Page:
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Dermatology series: Initial appointment

Dermatology series: Initial appointment

Once you've decided a visit to a dermatologist is the best cause of action and found one your trust, it's time for the initial consultation. But what exactly will happen and how can you be sure you're getting the service you need? In the next part of our in-depth look at dermatologists, we explain what to expect from your initial visit.

The main purpose of this appointment is for your clinician to get a full understanding of your issue and what you want to achieve. Obviously you can expect your skin to be examined in minute detail, and it's highly likely that from there your dermatologist will start discussing a bespoke treatment plan. It won't just be the affected area which is looked at either; dermatologists tend to check different places as this can give them more of an idea of what's really going on with your skin.

"At DestinationSkin we always see clients initially for a full and thorough skin consultation to get an in-depth idea of their skin concerns, how it affects them and what they are currently using to treat the issue. This takes around an hour and from it the client can expect a treatment package tailored specifically for them by our expert practitioners," Dr Toni Phillips, Clinical Director at DestinationSkin explained to Cover Media.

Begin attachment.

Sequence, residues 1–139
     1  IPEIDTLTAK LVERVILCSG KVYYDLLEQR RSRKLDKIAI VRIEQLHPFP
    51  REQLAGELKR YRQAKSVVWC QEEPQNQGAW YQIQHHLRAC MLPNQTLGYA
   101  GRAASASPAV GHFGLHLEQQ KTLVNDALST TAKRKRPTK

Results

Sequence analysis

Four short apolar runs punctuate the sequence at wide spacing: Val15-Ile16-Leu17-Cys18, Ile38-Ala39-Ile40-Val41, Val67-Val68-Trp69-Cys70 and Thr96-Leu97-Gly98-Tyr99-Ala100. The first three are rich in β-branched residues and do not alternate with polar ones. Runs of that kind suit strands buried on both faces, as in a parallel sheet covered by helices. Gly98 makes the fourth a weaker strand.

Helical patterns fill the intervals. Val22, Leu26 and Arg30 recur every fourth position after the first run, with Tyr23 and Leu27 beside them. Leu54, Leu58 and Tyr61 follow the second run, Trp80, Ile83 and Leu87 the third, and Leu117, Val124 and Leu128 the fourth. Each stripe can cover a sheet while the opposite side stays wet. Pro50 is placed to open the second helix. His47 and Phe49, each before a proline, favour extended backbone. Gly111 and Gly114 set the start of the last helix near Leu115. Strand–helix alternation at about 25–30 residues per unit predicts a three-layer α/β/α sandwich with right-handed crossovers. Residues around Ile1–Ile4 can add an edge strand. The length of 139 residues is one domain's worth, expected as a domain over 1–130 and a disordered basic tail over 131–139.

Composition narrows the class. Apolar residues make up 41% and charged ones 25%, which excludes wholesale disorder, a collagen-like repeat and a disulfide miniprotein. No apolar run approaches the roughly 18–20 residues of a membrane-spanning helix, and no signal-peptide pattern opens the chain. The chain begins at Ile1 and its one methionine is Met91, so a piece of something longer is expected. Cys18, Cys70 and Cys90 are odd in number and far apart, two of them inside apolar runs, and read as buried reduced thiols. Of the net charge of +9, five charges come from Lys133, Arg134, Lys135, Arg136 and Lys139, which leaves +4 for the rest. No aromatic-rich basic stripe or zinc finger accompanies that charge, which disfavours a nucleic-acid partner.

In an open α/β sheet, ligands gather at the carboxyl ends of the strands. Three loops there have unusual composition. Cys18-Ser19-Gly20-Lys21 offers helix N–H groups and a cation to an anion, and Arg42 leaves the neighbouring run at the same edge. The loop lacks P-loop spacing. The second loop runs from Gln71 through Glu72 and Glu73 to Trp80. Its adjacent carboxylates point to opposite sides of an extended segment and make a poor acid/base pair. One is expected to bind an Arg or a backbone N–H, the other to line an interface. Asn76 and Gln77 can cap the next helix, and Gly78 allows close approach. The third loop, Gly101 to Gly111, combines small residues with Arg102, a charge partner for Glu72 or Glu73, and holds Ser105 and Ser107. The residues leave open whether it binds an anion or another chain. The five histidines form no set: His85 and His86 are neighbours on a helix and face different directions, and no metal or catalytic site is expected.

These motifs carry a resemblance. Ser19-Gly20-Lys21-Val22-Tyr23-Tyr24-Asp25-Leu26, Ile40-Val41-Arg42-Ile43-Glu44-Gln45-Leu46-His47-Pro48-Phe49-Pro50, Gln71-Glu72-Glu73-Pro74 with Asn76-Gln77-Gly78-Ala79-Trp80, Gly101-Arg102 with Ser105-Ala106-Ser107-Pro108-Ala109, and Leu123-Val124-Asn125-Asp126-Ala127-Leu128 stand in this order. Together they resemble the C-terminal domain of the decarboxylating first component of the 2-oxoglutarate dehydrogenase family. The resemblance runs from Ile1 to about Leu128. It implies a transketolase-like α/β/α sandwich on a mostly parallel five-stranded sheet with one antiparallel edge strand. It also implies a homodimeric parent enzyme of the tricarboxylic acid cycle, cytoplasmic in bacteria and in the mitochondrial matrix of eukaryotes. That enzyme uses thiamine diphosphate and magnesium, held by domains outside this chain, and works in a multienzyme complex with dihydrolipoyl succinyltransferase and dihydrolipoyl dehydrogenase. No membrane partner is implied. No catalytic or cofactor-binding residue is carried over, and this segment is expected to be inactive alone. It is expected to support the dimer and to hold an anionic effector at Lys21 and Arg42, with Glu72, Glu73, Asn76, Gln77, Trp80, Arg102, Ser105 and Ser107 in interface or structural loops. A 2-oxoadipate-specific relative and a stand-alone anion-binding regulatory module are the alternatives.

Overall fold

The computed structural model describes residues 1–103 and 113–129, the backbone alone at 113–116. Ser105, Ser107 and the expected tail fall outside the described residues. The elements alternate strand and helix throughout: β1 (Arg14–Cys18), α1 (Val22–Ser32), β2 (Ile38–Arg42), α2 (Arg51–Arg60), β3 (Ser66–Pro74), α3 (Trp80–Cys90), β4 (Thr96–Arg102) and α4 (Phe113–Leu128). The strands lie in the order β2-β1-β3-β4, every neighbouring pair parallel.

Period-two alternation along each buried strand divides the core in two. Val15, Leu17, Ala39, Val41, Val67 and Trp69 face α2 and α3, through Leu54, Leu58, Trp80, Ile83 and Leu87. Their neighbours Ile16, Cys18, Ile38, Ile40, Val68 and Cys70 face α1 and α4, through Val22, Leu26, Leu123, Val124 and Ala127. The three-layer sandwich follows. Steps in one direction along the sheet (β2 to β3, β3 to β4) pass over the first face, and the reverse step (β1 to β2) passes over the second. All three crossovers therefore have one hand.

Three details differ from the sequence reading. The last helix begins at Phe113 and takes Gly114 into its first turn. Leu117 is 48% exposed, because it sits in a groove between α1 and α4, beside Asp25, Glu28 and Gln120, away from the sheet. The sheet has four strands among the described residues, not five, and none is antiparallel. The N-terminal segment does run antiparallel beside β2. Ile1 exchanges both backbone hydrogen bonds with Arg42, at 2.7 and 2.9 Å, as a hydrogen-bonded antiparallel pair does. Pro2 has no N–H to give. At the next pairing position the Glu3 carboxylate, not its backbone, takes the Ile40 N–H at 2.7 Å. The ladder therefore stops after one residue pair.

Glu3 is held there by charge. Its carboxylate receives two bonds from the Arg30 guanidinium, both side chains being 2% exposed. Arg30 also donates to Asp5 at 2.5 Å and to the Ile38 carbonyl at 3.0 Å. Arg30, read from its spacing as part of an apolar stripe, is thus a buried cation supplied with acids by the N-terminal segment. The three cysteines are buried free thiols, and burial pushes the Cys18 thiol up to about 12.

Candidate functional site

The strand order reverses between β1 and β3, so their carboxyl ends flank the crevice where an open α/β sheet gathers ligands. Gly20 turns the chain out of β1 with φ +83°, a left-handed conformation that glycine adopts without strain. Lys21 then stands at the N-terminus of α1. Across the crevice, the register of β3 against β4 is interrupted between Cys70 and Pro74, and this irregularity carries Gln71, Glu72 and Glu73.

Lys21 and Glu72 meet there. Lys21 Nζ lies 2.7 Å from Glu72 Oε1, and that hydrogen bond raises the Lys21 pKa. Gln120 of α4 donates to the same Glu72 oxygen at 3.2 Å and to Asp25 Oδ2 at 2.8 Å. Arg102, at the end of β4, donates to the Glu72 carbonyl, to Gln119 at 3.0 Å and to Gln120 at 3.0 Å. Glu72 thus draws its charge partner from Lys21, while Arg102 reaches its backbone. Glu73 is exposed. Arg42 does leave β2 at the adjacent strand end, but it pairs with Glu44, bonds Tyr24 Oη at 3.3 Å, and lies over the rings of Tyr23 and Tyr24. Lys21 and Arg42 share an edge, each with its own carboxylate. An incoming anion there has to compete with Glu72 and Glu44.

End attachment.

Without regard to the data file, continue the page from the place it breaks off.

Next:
There will likely be questions about your medical history too, so if you're seeking help for acne you'll need to be open about when the problem started. If it's anti-ageing you need help with, be clear on exactly what is worrying you and what the best possible outcome of treatment would be. Expect your practitioner to be honest about what's achievable too - and if it sounds too good to be true it likely is.

Some conditions might need a more thorough examination and for blood work to be taken, or a skin scraping examined.

"[Taking a history of the complaint] would be followed by an examination of the skin, clinically observing and feeling any changes. Sometimes it is necessary to undertake further examination techniques like using a dermatoscope which magnifies the skin or a skin scraping/nail clipping," Dr Anand Patel, Consultant Dermatologist and Dermatological Surgeon at BMI The Park Hospital in Nottingham, explained.

"If a surgical procedure or biopsy is needed this will be explained and the paperwork carried out. This would be done to analyse the skin under the microscope to achieve a diagnosis. If medicines or creams are needed then these will be prescribed with directions on use. Blood tests if necessary would also be carried out."

Then you'll have your action plan and next appointments agreed on, so from here on we'll be looking at the kinds of treatments offered for the most common dermatological issues.

Cover Media